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Officers Authorized to Investigate NDPS Cases are ‘Police Officers’ and Confessional Statements Made to Them are not Admissible: Supreme Court

Officers Authorized to Investigate NDPS Cases are ‘Police Officers’ and Confessional Statements Made to Them are not Admissible: Supreme Court
On Thursday (October 29,2020), the Supreme Court held that statements recorded officers of central and state agencies who are appointed under the Narcotic Drugs and Psychotropic Substances Act, 1985 would not be treated as a confession.

This landmark judgment settles the dispute that has been for over 30 years when a bench of 2 had allowed it to be treated as a confession in the year 2013.

This bench had allowed confessions recorded under Section 67 into evidence.

According to Section 67 of the NDPS Act 1985, any officer authorized by the Centre or a state government may during an investigation call for information “from any person for the purpose of satisfying himself whether there has been any contravention of the provisions of this Act or any rule or order made thereunder”. 

The officer may also “require any person to produce or deliver any document or thing useful or relevant to the inquiry” or examine any person acquainted with the case.

The question thus arose if these authorized officers are to be treated as police officers or not since if they are 'police officers', statements recorded by them cannot be admissible as evidence.

The judgments are given in the year 1991 and 2008 held that the powers under Section 53 Narcotic Drugs and Psychotropic Substances Act, 1985 are insufficient to make the officer a 'police officer' and hence statements given to them can’t be treated as a confession.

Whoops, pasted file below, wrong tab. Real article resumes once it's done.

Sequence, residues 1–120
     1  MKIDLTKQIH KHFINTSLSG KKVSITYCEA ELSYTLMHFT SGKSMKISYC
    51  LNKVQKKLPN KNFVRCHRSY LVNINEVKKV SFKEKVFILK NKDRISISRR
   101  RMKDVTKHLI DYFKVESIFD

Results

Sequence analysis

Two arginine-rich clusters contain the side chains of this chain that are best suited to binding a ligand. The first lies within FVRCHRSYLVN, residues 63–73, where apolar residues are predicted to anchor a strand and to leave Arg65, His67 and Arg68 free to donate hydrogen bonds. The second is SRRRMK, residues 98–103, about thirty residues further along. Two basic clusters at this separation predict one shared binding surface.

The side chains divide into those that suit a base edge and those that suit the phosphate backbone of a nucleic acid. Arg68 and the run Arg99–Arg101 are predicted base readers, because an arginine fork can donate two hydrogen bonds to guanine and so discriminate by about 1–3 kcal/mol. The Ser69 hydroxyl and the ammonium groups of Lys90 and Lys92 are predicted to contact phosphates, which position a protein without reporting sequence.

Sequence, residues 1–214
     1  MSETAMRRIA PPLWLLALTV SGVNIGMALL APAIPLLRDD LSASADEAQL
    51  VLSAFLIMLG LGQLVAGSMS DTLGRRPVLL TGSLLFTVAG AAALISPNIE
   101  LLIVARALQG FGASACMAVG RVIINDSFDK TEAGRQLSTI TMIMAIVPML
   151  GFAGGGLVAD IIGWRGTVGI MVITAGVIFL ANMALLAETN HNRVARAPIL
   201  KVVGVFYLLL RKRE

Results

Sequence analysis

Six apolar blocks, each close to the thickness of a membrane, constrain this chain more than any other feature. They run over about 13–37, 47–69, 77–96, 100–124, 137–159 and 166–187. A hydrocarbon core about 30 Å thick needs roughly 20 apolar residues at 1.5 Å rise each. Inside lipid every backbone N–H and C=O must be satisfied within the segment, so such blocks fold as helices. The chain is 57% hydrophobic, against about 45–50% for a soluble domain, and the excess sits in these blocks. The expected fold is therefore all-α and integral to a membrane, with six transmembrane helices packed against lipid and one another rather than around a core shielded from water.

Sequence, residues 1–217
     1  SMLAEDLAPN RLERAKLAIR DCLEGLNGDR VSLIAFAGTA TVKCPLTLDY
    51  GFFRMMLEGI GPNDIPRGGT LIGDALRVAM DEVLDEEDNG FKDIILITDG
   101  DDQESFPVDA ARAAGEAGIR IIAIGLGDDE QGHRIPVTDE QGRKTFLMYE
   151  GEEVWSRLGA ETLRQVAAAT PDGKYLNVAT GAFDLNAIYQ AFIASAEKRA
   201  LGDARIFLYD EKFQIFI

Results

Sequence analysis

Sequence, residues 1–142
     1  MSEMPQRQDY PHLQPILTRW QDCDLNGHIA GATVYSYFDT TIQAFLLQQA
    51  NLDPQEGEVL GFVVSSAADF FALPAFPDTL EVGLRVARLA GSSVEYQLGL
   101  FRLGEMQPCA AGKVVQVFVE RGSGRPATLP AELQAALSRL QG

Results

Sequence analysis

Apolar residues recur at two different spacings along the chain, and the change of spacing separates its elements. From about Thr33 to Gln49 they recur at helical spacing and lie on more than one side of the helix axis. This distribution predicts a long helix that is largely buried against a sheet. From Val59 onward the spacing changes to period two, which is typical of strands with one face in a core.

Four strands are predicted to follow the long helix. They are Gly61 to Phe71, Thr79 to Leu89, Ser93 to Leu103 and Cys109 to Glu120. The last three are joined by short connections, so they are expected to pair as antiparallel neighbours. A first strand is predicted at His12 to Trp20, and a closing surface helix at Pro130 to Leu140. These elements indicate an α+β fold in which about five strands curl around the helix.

The Supreme Court in the latest judgment stated that such officers are police officers and so any confessional statement that they record under Section 67 of the Narcotic Drugs and Psychotropic Substances Act would not be admissible in a court. 

The bench consisted of Justices Rohinton F Nariman, Navin Sinha, and Indira Banerjee.

Justices Rohinton F Nariman and Navin Sinha said such statements cannot be treated as confession while Justice Indira Banerjee dissented with this view.

The majority judgment of 2:1 ruled that such statements would be hit by Section 25 of the Indian Evidence Act, which says that “no confession made to a police officer shall be proved as against a person accused of any offense”.

Thus, considering the view of the majority the above judgment was considered.


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